From John Smith
West Florida August 30th 1803
The Cession of the Island of New Orleans, and of Louisiana to the United States, is the most important event that has taken place since the establishment of the Federal Constitution. It will not only give us weight in the Commercial & political scale of European Governments, but, that of national Character and respectability in all the world. It will preserve peace and harmony among ourselves, and secure us from the raging storm, that is now bursting with reiterated terror on the Belligerent powers of Europe. This Cession secures to us the navigation of the Missisippi, and its waters on both sides. It will open to our nation a source of wealth. The Province of Louisiana, being about fifty leagues in breadth from east to west1 and stretching from the Bay of Mexico on the south, to an unknown Region in the north, will not only afford us a large extent of fertile soil, abounding with navigable streams, admirably calculated both for commerce and agriculture, but if suitable encouragement is given to its population and Culture, we shall soon be effectually secured from invasion in this quarter. It is said that Mr Munroe has gone to Spain, to negociate for Florida. I wish him success in making a fair purchace. But it is with deep regret, that I further hear, that our Minister has gone to Madrid to exchange Louisiana for Florida. This policy would be unwise, and especially at this moment. True, we would by this exchange, have the East side of the Missisippi entire, but in a short time we may have both without feeling the price. Already we have all the navigable waters leading into the Mississippi—Florida is settling with great rapidity by the Americans—All the good land will very soon be entered and settled. His Catholic Majesty must know that this tract of Country will accumulate expence to him, and therefore will in a few years dispose of it for a small consideration—At any rate, Louisiana is of infinitely more value and importance then Florida can possibly be. And permit me to observe that having possession of both sides of the Mississippi (which will be of more2 value then any other River in north America) we shall form an invincible Bulwark to the western Country, and the epoch of its commercial, manufacturing and political importance.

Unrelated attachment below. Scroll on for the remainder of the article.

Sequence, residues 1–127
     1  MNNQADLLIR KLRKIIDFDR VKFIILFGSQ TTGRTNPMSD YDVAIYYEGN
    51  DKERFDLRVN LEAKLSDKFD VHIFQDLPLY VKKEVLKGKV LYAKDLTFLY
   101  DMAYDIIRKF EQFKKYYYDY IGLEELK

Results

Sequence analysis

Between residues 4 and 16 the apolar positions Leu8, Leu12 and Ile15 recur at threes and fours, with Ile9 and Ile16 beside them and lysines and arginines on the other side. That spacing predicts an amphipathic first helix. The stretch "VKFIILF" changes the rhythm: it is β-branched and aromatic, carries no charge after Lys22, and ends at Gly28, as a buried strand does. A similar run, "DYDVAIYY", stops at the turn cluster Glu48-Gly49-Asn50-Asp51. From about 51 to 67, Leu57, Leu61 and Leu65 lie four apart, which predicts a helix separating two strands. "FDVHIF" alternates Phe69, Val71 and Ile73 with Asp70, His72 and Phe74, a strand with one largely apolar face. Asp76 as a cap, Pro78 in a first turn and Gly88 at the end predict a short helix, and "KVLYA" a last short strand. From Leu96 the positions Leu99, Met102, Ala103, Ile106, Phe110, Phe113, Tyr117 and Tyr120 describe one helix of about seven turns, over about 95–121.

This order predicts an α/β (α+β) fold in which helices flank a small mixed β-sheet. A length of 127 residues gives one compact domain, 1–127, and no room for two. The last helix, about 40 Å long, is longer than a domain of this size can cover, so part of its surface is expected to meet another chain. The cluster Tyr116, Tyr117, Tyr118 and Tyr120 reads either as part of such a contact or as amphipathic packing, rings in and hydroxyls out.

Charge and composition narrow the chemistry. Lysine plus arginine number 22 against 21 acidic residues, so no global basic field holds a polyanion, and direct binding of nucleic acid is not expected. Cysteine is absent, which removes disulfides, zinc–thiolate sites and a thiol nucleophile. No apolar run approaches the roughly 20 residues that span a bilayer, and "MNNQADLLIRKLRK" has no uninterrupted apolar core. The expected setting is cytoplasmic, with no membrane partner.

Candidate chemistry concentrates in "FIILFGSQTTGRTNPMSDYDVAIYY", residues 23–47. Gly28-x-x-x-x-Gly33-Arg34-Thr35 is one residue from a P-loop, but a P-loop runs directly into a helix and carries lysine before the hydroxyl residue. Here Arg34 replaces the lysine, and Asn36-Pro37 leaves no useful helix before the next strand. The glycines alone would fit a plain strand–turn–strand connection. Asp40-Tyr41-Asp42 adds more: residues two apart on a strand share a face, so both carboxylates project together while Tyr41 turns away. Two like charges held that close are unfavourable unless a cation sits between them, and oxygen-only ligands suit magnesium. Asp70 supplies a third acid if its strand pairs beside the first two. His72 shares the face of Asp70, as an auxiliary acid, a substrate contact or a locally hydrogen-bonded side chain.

I think, Sir, it will be indispensible after the exchange of the ratification of the treaty, to take immeadiate possession of such part of this Country as we may have a right to claim.
I shall in a few days leave this for the City Washington.
Be pleased to accept the assurance of the high consideration and respect with which I am Sir your most Obedient And very Humble Servt
RC (DLC); at foot of text: “The President of the U. States”; endorsed by TJ as received 2 Oct. and so recorded in SJL.
leave this for the city washington: TJ’s papers contain a pass for Smith, in Spanish, granted 8 Sep. 1803 by Carlos de Grand-Pré, the Spanish governor of the Baton Rouge district, allowing Smith to travel through his jurisdiction to Washington. At the foot of this pass was another, in English, from the Spanish alcalde at Bayou Sara, John O’Connor, dated 18 Sep., granting Smith “free permission to pass with his son Mr. Ambrose Smith to the City of Washington” (MS in DLC: TJ Papers, 135:23305; Andrew McMichael, Atlantic Loyalties: Americans in Spanish West Florida, 1785-1810 [Athens, Ga., 2008], 22-3; William C. Davis, The Rogue Republic [Boston, 2011], xi).
1. Preceding two words interlined.
2. Smith first wrote “will be of the most” before altering the text to read as above.